10 essential tips when hiking with your dog

10 Essential Tips When Hiking With Your Dog

There are many great activities that you can enjoy with your dog, and as the weather improves the great outdoors begins to call to many dogs and their owners. One way to enjoy the splendor of nature is to go hiking with your dog. When properly prepared and organized, this activity holds numerous benefits for you and your pet pooch. However, the key here is careful preparation. Finding yourself in the middle of a wilderness trail without food, water, or shelter is not fun, and could be potentially dangerous for your dog. So, with that in mind here are 10 essential tips to follow when hiking with your dog.

1. Put Your Dog’s Health First

You wouldn’t run a marathon without training or attempt an all-day trek if the furthest you ever walk is the local store, and the same should apply to your dog. If they are not used to long hikes, then build up their endurance with shorter hikes first. It’s also a great way of ensuring they enjoy the wilder surrounding and are not allergic to many common elements found on hiking trails.

hiking dogs

It is also a good idea to visit your veterinarian for a checkup before starting out on a new hiking season and ensure that all their vaccinations are up to date. Remember that there are limits on how long young puppies should walk for to avoid joint damage in later life; again, check this with your veterinarian.

If the terrain that you are likely to cover is rough, includes lots of loose or sharp stones, pine needles, or other elements that might damage your dog’s paws, then consider investing in dog boots before you set off. Quality dog boots, designed for trekking, are made to the same high quality as walking boots for humans and give your dog more grip on slopes and uneven ground, as well as protecting them from potential damage to their paws.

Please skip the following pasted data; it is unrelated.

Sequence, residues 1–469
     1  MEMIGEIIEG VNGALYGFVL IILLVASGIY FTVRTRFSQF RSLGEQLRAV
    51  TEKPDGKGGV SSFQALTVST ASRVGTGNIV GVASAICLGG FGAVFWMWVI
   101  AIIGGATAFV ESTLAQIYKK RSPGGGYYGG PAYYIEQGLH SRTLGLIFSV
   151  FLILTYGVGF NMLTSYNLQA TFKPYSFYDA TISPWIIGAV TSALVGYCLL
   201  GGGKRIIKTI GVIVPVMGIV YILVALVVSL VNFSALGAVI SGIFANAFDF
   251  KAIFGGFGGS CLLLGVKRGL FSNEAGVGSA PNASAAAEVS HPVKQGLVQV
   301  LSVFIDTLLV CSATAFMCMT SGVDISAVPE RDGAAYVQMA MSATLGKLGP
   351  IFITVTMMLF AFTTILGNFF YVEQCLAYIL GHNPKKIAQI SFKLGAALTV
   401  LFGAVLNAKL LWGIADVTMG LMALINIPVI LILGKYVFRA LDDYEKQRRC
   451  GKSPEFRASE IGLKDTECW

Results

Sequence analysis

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2. Find the Perfect Trail

Not all hiking trails are suitable for dogs or even allow dogs on them. State parks tend to have greater restrictions than national or regional parks, but it is always best to check in advance. Also check for special events that might affect which trails you can access on specific days and whether your dog needs to be leashed on all or some of the trails. Don’t forget to map your intended trail journey and to let someone know where you are going and your expected return time, just in case of accident, injury, or simply getting lost on route.

find a perfect trail

3. Respect Others and the Environment

Hiking with your dog is a great bonding activity, but you need to be aware that others will be using and enjoying the same trails and that the native wildlife also want to enjoy their environment. Many expert hikers never take their dogs off leash when hiking just because there are so many things that can go wrong and can do so very quickly. Even the best behaved dog may struggle to stay on the path and listen to commands if a squirrel suddenly appears. Bounding through the undergrowth not only puts them at risk of unseen dangers, but also puts habitats at risk, many of which are important to the wider eco-system.

If you do choose to let your dog off leash in permitted areas, then always ensure the trail is clear before you let them off. If you cannot see the trail ahead, then the chances are you won’t see potential dangers until it is too late. It also means that others on the trail cannot see you or your dog, which could be frightening for young children and potentially dangerous if you share the trail with other dogs or cyclists.